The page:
Such a perspective is not as popular as the typical notion of the ‘Christian’, middle class, nuclear family. It could hardly be considered conservative or traditional in Christian circles today and yet it highly endorses family as a gift from God. What would it look like today for Christian families to look more like this kind of expression of the kingdom of God? 

First, families could practice being more inclusive, avoiding the usual insularity of the nuclear family. Recently, I was speaking with a Christian family who was telling me about how wonderful their family life was going and how marvellous their children were doing. I listened carefully, rejoiced with them and then asked, “Have you ever thought about adopting a child who needs to be loved by a good family?” They thought I was joking, however if we are going to be serious about thinking beyond the prospering of our immediate family and serving others, then we should be seriously considering such sacrificial acts. Marriage needs to be seen in a wider framework than simply two people coming together for their own happiness and procreation: a broader kingdom purpose must be incorporated into the traditional view of marriage.  

Second, Christian families could be more accepting of those who are different and don’t fit into traditional interpretations of family life. By accepting I also mean practicing acceptance. It is all well and good for families to notionally accept ‘difference’ but this must be practised by showing hospitality and allowing those who are different to penetrate their family life, even if it means experiencing discomfort as the family circle is forced to flex to include ‘the other’. Single people also need to experience God’s gift of family. Singleness was a modelled way of life for followers of Jesus as we see in Scripture, however Protestantism had the effect of moving marriage to becoming more the norm for Christianity. As Hauerwas says:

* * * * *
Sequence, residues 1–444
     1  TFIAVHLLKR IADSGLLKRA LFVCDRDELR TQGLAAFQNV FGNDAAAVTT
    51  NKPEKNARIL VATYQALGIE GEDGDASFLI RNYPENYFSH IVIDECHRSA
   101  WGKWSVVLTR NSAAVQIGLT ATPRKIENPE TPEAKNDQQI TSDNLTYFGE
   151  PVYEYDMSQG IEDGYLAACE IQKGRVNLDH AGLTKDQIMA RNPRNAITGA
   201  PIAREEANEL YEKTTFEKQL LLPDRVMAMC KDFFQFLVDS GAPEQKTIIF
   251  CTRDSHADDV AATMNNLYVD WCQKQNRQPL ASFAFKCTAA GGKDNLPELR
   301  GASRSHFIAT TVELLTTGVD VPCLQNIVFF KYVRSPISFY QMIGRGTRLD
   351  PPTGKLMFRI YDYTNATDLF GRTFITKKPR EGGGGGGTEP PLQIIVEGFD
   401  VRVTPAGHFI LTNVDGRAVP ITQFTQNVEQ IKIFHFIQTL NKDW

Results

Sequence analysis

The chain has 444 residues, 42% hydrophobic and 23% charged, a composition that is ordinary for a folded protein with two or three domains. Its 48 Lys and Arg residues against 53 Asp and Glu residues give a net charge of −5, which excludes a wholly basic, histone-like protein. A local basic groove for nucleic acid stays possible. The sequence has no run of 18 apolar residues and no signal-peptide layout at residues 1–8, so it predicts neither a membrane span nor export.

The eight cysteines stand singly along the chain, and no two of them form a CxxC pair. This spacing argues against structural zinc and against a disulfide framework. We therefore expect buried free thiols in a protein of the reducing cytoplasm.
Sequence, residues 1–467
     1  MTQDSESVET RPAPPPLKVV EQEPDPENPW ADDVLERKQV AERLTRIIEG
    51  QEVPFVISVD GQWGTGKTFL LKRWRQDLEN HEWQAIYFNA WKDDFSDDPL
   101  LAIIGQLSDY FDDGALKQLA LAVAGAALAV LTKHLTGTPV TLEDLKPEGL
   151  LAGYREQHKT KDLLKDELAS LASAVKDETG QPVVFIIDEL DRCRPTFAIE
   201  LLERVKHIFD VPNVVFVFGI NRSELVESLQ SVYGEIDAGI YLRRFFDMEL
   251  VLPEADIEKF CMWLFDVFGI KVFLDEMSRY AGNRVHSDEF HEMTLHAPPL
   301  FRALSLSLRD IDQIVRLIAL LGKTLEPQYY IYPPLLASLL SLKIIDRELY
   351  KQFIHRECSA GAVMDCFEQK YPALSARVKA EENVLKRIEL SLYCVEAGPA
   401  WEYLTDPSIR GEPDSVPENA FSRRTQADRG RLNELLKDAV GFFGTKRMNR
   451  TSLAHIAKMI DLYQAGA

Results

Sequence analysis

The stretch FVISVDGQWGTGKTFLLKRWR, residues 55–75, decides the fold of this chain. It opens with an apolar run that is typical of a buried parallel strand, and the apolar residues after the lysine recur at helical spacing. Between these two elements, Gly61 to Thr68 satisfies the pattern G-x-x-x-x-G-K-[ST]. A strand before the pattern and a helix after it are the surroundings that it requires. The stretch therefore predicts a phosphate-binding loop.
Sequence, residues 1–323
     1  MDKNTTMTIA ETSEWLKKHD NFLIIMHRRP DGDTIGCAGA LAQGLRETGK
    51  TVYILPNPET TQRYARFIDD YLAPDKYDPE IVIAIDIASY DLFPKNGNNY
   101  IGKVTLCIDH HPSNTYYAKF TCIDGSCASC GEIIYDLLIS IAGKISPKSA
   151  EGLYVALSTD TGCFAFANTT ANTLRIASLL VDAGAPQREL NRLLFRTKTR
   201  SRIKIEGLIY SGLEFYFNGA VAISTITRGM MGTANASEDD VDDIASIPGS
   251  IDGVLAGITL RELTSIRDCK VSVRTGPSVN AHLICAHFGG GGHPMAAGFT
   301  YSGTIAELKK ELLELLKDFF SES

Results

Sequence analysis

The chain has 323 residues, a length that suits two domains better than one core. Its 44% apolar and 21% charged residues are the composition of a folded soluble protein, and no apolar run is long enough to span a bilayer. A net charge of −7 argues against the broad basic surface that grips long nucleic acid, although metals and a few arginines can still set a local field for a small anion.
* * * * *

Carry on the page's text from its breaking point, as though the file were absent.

“I think it cannot be disputed that Paul and Jesus both tend to say that some people will choose not to get married because of a specific religious mission. Moreover, they seem to imply that this is a good thing.... Marriage and the family, like the life of singleness, becomes a vocation for the up-building of a particular community.”

Both marriage and singleness can be expressions of the kingdom of God as well as a means by which the kingdom is built by God.  

There are various marginalised groups within the family of God and outside of it that need to be accepted, welcomed and shown true hospitality by Christian families. Christian families today need to walk in a kingdom of God paradigm  rather than conservatively conforming to the structures of family life which are typically modelled by our culture.